Queen Bee, meet wannabe.
Initially, Mistress Ursula Stannard, née Blanchard (A Pawn for the Queen, 2002, etc.), is pleased for the chance to use her network at Elizabeth I’s court for something other than spying. An acquaintance asks Ursula to find her daughter, Penelope Mason, a place at court with an eye toward matching her with an eligible Catholic husband. Although Protestant Elizabeth persecutes English Catholics, many of whom support Catholic Mary Stuart, Queen of Scotland, Ursula believes Penelope can find a suitable mate. Not long after Pen arrives at court, however, Ursula is summoned to find that Pen has fallen in love with a married man and is making an unsuitable spectacle of herself. When Ursula arrives, she realizes that the Queen is using Pen’s misbehavior as an excuse to send Ursula on a mission. Elizabeth’s favorite, Robert Dudley, has donated a small estate in Yorkshire for Pen’s dowry. Not coincidentally, Queen Mary is under house arrest in a nearby castle. Elizabeth asks Ursula and her entourage to visit Pen’s new estate and at the same time pass an important message to Mary. Naturally, both commissions turn out to be complicated and dangerous, and Ursula must use courage and guile to save her ward and herself as she serves her Queen.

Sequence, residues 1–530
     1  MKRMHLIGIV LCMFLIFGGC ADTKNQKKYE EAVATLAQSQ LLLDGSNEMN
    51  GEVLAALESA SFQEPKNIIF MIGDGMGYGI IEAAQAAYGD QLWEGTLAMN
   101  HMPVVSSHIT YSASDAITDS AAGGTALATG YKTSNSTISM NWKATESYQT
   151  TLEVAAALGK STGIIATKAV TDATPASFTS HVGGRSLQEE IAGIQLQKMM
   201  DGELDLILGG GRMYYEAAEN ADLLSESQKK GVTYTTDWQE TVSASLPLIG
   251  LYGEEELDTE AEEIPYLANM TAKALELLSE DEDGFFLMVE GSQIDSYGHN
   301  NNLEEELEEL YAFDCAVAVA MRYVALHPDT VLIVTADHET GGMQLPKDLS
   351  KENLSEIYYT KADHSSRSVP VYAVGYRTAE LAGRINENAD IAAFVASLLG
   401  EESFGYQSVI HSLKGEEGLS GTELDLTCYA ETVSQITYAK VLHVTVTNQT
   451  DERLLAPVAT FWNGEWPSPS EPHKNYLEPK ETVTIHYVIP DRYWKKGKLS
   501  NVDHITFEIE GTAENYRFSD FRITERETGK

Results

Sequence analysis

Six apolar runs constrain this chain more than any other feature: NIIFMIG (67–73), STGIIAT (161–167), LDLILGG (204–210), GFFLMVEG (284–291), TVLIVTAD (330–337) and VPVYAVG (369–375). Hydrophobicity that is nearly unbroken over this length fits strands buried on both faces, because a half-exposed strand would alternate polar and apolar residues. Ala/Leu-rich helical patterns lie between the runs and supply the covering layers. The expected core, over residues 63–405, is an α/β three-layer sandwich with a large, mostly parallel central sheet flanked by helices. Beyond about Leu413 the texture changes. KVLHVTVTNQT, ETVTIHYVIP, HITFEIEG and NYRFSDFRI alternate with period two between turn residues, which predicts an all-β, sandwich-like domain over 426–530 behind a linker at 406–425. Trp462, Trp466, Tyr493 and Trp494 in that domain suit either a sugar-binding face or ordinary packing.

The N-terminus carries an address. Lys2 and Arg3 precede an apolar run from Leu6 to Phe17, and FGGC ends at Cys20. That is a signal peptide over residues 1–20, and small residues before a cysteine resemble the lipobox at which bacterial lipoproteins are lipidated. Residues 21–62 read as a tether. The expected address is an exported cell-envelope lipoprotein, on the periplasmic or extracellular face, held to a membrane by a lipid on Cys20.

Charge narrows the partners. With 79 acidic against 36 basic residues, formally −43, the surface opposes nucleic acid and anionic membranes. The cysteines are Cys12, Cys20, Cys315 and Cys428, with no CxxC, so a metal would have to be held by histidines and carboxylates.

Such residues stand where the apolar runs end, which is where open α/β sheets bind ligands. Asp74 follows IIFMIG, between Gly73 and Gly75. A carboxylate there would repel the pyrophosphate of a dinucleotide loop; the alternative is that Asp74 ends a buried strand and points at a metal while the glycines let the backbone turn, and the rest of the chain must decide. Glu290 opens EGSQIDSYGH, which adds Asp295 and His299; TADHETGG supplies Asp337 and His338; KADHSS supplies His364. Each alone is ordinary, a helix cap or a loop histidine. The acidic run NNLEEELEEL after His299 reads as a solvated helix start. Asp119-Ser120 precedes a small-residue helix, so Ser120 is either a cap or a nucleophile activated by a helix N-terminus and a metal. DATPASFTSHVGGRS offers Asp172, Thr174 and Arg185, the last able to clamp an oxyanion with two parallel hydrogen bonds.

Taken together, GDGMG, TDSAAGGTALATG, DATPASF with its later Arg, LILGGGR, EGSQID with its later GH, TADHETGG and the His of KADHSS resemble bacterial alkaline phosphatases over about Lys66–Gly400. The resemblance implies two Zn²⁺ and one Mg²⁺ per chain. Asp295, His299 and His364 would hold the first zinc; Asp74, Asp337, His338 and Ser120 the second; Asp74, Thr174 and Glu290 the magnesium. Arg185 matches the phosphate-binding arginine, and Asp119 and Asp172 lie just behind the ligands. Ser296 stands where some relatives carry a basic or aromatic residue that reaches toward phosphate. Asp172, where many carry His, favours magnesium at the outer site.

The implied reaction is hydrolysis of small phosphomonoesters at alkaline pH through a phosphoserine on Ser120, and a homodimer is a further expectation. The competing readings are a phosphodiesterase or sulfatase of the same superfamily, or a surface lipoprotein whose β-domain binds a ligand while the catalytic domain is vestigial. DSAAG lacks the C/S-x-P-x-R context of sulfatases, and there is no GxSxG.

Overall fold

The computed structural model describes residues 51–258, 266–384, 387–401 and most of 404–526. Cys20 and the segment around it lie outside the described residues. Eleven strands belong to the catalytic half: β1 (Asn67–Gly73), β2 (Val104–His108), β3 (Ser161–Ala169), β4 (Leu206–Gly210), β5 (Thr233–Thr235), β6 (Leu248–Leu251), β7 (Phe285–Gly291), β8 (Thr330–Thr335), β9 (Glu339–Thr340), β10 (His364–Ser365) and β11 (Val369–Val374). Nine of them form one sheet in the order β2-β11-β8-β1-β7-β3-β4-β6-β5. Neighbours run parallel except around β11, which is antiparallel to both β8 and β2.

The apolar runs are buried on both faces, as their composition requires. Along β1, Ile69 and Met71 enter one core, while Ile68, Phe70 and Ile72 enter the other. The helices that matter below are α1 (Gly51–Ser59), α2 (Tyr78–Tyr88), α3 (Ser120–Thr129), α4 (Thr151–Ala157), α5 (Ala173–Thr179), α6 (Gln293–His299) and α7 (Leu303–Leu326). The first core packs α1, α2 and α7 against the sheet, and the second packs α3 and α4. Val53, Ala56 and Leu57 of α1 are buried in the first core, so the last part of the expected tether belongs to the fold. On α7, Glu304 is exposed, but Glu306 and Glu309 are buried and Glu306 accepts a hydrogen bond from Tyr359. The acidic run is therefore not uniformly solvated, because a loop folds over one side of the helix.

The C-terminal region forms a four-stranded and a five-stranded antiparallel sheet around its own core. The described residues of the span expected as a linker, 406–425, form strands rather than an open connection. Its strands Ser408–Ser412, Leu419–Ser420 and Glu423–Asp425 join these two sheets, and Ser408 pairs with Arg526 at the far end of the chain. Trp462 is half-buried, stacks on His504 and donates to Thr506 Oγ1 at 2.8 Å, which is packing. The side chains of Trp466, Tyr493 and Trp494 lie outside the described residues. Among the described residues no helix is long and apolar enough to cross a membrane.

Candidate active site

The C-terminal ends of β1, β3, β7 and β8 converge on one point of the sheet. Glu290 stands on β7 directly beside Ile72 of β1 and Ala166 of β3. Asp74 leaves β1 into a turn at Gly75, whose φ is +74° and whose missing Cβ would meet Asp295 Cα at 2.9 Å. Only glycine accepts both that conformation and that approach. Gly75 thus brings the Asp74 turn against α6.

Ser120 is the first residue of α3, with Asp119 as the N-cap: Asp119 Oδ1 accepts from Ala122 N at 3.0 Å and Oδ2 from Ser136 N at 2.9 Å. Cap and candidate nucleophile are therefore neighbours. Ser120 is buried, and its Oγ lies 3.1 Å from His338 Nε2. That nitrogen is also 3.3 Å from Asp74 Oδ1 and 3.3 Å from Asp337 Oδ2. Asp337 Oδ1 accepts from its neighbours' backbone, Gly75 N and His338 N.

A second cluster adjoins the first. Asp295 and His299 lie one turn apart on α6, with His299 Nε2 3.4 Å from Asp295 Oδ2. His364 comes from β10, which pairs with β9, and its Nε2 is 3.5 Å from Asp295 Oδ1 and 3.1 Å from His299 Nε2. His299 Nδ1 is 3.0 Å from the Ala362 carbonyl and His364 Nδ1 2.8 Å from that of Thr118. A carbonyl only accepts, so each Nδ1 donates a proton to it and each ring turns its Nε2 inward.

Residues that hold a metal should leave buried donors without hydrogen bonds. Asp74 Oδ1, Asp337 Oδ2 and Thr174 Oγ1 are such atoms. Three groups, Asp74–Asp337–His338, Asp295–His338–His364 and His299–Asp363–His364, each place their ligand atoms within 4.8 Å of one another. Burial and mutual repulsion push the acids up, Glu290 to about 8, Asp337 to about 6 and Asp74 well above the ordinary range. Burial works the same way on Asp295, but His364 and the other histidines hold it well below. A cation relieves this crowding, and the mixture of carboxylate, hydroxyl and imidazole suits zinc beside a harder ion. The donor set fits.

Through the eyes of Ursula, a woman both compassionate and ruthless, Buckley effectively dramatizes the tangled personal and political obligations of the Elizabethan court. A welcome seventh outing.